In 2001, after losing market share for its original product – personal computers – Apple introduced something new: a digital jukebox called iTunes. Advertisements promised “1,000 songs in your pocket.”
Apple is now the nation’s largest music retailer. It’s also an archetype for modern corporate entrepreneurship, said Paul Lynch, an assistant professor of industrial engineering at Penn State Erie, The Behrend College.
“If Apple didn’t have big-thinking people who weren’t afraid to try something different, the company likely wouldn’t exist today,” Lynch said. “They basically started a new business from within Apple.”
Lynch, a vice president of the National Organization for Business and Engineering (NOBE), a network of business, management and engineering organizations at U.S. universities, has adapted the Apple story for the 2017 NOBE national conference, which will be held at Penn State Behrend March 24-26. The theme of the conference, “Corporate Entrepreneurship: Building Businesses from the Inside Out,” will explore the ways established brands pursue opportunities outside of their traditional markets.
“People tend to view entrepreneurship as an individual effort,” Lynch said. “There’s also an element of it at the corporate level, however. To stay relevant, companies need young, new-minded people who think outside the box.”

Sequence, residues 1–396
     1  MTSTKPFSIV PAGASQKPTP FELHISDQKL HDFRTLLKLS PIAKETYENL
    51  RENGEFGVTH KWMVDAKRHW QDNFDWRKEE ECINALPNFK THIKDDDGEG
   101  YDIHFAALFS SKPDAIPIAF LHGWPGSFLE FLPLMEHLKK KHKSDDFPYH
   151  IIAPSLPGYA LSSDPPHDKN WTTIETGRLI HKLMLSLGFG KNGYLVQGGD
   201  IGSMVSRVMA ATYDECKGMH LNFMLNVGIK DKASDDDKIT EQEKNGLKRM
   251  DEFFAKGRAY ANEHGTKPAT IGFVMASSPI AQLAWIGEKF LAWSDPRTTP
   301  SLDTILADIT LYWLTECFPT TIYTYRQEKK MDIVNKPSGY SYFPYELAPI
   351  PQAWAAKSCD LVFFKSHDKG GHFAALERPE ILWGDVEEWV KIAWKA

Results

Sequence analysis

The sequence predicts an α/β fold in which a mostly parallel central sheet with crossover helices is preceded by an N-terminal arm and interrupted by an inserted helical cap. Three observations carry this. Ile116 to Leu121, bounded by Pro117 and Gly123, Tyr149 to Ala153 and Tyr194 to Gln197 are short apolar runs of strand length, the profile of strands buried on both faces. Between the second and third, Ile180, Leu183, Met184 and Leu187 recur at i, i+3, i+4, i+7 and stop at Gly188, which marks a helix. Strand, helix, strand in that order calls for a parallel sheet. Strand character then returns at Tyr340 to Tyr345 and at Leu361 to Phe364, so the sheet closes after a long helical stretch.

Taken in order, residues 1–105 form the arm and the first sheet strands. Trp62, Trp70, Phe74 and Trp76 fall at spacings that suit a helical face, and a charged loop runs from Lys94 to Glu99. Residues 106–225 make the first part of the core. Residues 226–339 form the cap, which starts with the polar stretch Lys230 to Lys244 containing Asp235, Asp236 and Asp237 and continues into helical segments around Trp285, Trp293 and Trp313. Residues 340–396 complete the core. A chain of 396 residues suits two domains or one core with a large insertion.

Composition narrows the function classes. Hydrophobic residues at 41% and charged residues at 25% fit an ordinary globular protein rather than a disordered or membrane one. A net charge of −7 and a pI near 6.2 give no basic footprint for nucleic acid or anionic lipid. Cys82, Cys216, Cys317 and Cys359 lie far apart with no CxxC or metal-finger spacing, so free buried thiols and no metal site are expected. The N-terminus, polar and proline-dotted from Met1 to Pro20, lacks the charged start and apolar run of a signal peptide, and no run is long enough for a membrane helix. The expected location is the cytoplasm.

Students from more than 10 universities, including Drexel, McGill and Penn State’s University Park campus, are expected to attend the conference. They will compete in a case competition, in which they will be challenged to build business plans for an existing company. The 2016 conference challenge was based on Airbnb.
Penn State Behrend is uniquely positioned to support NOBE’s mission, said Matthew Nicol, president of the college’s NOBE chapter. The Jack Burke Research and Economic Development Center was designed to encourage collaborations between students and faculty members in the Black School of Business and the college’s School of Engineering. The Advanced Manufacturing and Innovation Center, in the college’s Knowledge Park, is the first known example of a U.S. college or university co-locating academia and industry in a shared open-lab environment.
Penn State Behrend offers degree programs in Interdisciplinary Business with Engineering Studies and, at the master’s level, Manufacturing Management – collaborative programs of the Black School of Business and the School of Engineering.
“The ability to work with diverse cross-functional teams is no longer a luxury for companies, but a necessity,” said Nicol, a senior from Titusville. “With our interdisciplinary degree offerings and the opportunities in Knowledge Park, where students can intern, conduct research and work with companies, we’re already cultivating those skills.”
To learn more about the 2017 NOBE conference, or to register, contact Lynch at email@example.com.